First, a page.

I wish you all a good Mother’s Day. Remember good thoughts about your children and you will make it through this day hopefully with a little smile.

Sunday, May 5, 2013

Three Bereavement Conferences This Summer

Three national conferences for bereaved parents, siblings, grandparents and other relatives and friends will be held this summer. Although I mentioned them briefly about 4 months ago, here is some more detail for your perusal.

July 5-7, 2013 National Compassionate Friends Conference at the Sheraton Hotel in Boston, MA.

This conference will have over 100 workshops dealing with all aspects of bereavement. In addition, keynote speakers will include:

• Dr. Heidi Horsley, Dr. Gloria Horsley, founders of "Open to Hope" Foundation and Phil Horsley (Chair of TCF Foundation's Board of Trustees), a family united after the loss of sibling and son Scott, will combine to welcome you as Opening keynoters at the National Conference.

• Tina Chery who, after the murder of her son Louis, created the Louis D. Brown Peace Institute with a mission to create and support an environment where families can live in peace and unity.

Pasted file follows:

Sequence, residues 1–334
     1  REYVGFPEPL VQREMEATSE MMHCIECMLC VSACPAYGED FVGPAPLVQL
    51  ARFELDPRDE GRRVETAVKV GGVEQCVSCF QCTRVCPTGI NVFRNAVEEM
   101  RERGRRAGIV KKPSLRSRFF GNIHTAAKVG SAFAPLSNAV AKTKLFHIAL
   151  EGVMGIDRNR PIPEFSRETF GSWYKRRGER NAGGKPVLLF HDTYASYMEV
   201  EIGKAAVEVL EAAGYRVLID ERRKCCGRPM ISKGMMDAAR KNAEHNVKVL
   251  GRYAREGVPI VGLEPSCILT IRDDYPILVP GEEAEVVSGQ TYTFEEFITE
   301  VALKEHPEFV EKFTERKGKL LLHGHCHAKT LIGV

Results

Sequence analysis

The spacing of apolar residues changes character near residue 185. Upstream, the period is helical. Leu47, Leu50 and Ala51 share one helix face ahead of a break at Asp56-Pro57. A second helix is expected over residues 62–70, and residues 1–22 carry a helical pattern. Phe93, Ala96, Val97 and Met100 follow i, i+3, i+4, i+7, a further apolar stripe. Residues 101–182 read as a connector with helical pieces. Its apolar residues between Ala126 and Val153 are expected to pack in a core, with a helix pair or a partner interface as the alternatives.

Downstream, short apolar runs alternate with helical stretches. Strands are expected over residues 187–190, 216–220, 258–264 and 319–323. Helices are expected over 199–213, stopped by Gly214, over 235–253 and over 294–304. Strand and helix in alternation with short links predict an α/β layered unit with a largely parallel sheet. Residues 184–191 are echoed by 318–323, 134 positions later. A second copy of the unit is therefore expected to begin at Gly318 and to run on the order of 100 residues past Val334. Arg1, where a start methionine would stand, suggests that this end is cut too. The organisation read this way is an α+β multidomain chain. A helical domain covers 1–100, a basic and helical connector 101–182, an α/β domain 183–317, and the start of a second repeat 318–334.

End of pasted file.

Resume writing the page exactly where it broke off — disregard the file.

• Ken Druck, bereaved parent, founder of the Jenna Druck Foundation, and one of the nation's pioneers in personal transformation including healing after loss.

• Bill Hancock, director of the Bowl Championship Series (college football), author of Riding with the Blue Moth, and father of Will, who was killed during the January 27, 2001 crash of an airplane carrying members of the Oklahoma State University men's basketball team.

If you go to , it will direct you to registration information and tell you more about the conference. Hotel cost is $169 plus tax per night. Registration if $90 per person until June 1, then $130.